The proposed tie-up between two American telecom giants was formally called off this weekend.
Sprint and T-Mobile had been negotiations for months but ultimately decided not to go forward with a deal.
"The companies were unable to find mutually agreeable terms," the businesses announced in a joint press release Saturday.
Last week, reports suggested that the deal was on the verge of falling through due to SoftBank Group-owned Sprint's concerns about maintaining ownership control.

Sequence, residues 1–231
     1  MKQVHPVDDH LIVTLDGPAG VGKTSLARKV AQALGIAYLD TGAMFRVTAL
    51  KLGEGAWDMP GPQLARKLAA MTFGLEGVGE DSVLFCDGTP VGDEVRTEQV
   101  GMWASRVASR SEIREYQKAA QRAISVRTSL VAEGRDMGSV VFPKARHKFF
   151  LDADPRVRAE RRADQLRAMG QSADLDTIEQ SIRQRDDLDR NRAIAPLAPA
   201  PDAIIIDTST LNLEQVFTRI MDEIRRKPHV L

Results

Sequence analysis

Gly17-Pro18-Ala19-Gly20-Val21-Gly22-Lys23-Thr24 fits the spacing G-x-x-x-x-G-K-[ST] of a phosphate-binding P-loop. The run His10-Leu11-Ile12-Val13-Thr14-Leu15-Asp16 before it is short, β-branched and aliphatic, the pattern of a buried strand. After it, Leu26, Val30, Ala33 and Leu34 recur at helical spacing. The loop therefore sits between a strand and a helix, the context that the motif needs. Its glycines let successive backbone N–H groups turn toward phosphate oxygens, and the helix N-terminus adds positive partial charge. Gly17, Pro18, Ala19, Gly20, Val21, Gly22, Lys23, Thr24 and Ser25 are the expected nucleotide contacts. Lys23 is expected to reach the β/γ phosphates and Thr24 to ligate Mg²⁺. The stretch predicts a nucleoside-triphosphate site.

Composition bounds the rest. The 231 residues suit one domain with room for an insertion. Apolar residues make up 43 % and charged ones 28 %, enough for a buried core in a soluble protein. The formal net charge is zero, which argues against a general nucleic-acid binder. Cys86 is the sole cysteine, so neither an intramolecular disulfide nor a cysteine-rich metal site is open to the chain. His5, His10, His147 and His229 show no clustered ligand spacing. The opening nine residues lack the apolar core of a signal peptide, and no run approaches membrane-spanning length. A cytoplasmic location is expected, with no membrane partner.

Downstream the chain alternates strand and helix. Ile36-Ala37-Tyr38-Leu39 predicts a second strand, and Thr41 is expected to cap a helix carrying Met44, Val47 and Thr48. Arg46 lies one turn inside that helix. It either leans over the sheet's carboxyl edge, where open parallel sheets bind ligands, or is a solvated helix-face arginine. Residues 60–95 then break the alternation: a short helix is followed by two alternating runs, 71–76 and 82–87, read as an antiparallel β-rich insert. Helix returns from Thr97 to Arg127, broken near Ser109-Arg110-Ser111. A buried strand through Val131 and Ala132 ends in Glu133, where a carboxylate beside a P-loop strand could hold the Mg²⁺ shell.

Both Sprint and T-Mobile stocks traded down on the news.
Now SoftBank, which already owns about 82% of Sprint, plans to increase its stake to up to 85%.
Masayoshi Son, CEO of SoftBank Group and Chairman of Sprint, said in a statement that, “we are entering an era where billions of new connected devices and sensors will come online throughout the United States. Continuing to own a world class mobile network is central to our vision of ubiquitous connectivity.:
This isn't the first time that a potential merger between Sprint and T-Mobile fell through. The two came close in 2014, but called the deal off because of regulatory concerns.
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This article originally appeared on TechCrunch.